The correspondent went on to share their feelings of being somehow second class because they were not a member, concluding 'the fact that I have a real and active life in my Lord Jesus didn't seem to give me permission to see myself as part of my new church family, it was membership that gave that which I found very sad and still do.' I have to say, so do I.

I have always believed that when people are baptised in a church they should automatically become members of that church. After all, we are baptising people into Christ, declaring that by their faith they are members of Christ's body, so surely by this act they are also members of this local expression of his body? Sadly we baptists have separated theology from practice and ended up with a system that can cause pain and misuderstanding.

But there is another point here too. And that concerns people attending our churches from other traditions, people who are 'in Christ' by virtue of their faith and yet are not 'in membership' and therefore can't participate in key areas of their new church's life. It's this area I'm keen to do something about in terms of how quickly and on what terms we include them fully in the life of the church.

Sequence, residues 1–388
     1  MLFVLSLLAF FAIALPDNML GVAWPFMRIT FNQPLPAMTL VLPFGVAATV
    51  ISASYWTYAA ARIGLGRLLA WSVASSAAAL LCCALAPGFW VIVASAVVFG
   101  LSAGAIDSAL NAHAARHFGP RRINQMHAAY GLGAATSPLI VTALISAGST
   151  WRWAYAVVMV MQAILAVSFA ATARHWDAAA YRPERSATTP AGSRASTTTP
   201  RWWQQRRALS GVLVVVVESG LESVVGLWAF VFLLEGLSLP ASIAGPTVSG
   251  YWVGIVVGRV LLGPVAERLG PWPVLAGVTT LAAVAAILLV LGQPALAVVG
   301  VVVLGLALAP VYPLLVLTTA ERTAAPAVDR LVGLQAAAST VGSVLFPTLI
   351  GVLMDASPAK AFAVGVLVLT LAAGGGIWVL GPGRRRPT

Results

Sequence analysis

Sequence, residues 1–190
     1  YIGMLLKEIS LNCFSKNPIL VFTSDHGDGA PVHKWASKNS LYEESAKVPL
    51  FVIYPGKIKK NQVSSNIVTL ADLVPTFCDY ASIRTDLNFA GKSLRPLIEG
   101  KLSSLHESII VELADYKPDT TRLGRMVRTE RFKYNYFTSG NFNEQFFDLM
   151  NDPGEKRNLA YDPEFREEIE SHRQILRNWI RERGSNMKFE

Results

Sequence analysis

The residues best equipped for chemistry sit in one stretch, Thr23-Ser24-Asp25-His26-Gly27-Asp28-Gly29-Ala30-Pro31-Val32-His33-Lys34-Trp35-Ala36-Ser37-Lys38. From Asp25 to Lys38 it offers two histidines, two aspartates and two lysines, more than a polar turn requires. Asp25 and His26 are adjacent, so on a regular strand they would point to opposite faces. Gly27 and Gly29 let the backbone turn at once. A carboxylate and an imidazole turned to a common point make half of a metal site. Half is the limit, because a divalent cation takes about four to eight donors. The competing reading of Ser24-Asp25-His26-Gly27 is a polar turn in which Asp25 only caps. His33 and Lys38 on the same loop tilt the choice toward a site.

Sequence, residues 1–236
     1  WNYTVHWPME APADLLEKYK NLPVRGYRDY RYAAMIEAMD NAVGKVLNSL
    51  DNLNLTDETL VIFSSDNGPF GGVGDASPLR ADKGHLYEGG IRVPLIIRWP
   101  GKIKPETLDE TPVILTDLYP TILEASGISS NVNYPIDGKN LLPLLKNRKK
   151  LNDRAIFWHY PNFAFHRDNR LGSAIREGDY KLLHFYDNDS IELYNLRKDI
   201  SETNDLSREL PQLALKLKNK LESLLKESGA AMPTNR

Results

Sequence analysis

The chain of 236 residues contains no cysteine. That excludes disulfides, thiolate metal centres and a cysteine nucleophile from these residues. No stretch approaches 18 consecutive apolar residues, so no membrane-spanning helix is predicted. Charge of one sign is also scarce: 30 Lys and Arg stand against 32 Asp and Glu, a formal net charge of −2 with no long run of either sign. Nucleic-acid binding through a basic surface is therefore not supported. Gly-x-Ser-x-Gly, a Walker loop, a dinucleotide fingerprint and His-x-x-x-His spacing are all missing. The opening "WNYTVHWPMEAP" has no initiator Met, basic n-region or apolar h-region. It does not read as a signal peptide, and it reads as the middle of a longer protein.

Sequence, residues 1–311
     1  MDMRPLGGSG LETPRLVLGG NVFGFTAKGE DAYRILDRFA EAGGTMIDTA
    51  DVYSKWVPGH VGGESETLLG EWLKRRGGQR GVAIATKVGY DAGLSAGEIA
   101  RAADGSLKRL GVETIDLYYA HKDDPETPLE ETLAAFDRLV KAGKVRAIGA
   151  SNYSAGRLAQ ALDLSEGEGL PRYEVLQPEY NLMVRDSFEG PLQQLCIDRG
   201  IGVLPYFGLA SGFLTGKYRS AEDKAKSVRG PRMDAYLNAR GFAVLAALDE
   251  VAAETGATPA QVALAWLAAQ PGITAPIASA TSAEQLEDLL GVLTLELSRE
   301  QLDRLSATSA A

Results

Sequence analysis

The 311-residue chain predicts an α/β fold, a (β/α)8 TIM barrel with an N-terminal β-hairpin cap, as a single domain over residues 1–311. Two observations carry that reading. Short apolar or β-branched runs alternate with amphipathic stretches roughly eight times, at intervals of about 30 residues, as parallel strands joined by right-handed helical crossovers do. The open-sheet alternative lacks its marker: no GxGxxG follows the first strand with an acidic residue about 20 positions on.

Jane's comment about having a mentor is a key one too. I am about to preach on that and am keen to see some kind of mentoring system established in our church. It seems to me to be key to creating disciples whose lives make an impact. I'll be exploring what patterns are available out there - I'm quite interested in Lifeshapes, but there are others. What I'm keen to see is people in my church in mutually supportive and accountable relationships, growing in their walk with God, becoming intentionally missional.

Thoughts on this would be great.

Tuesday, October 03, 2006

Disciples and membership

I am enjoying this discussion - thanks to everyone's who's commented; plenty of room for more. I think the passion and intelligence of the comments suggests that this is a key issue facing our Baptist churches.

I agree with Stuart that we want to promote participation, that meeting is about more than just consultation. We need to unpack what the word 'congregation' means, I guess, so that we can put flesh of the bones of belonging and discerning the mind of Christ together.

I get nervous when I hear talk of leaders leading and churches being envisioned by them. I've met too many walking wounded from such situations to think that the model's basically ok providing it's properly managed. I think it's flawed. I just can't quite put my finger on why!